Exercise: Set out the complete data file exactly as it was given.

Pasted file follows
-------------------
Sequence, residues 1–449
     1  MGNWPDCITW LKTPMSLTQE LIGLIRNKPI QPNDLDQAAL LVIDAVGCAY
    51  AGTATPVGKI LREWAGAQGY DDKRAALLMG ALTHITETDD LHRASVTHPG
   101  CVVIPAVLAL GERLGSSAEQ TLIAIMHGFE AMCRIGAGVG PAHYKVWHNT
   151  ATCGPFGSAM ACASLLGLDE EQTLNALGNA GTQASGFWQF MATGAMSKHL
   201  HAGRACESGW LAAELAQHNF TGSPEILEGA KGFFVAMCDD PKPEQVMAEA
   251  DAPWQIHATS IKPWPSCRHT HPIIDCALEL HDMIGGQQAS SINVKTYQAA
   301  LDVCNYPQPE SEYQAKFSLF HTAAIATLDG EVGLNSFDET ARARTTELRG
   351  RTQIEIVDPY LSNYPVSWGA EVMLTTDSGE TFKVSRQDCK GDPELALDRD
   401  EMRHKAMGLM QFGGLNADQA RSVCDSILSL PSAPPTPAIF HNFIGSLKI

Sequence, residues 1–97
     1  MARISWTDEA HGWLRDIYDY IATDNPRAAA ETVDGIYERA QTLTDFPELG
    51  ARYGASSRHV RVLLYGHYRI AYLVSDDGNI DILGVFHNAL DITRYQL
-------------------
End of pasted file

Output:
Sequence, residues 1–449
     1  MGNWPDCITW LKTPMSLTQE LIGLIRNKPI QPNDLDQAAL LVIDAVGCAY
    51  AGTATPVGKI LREWAGAQGY DDKRAALLMG ALTHITETDD LHRASVTHPG
   101  CVVIPAVLAL GERLGSSAEQ TLIAIMHGFE AMCRIGAGVG PAHYKVWHNT
   151  ATCGPFGSAM ACASLLGLDE EQTLNALGNA GTQASGFWQF MATGAMSKHL
   201  HAGRACESGW LAAELAQHNF TGSPEILEGA KGFFVAMCDD PKPEQVMAEA
   251  DAPWQIHATS IKPWPSCRHT HPIIDCALEL HDMIGGQQAS SINVKTYQAA
   301  LDVCNYPQPE SEYQAKFSLF HTAAIATLDG EVGLNSFDET ARARTTELRG
   351  RTQIEIVDPY LSNYPVSWGA EVMLTTDSGE TFKVSRQDCK GDPELALDRD
   401  EMRHKAMGLM QFGGLNADQA RSVCDSILSL PSAPPTPAIF HNFIGSLKI

Sequence, residues 1–97
     1  MARISWTDEA HGWLRDIYDY IATDNPRAAA ETVDGIYERA QTLTDFPELG
    51  ARYGASSRHV RVLLYGHYRI AYLVSDDGNI DILGVFHNAL DITRYQL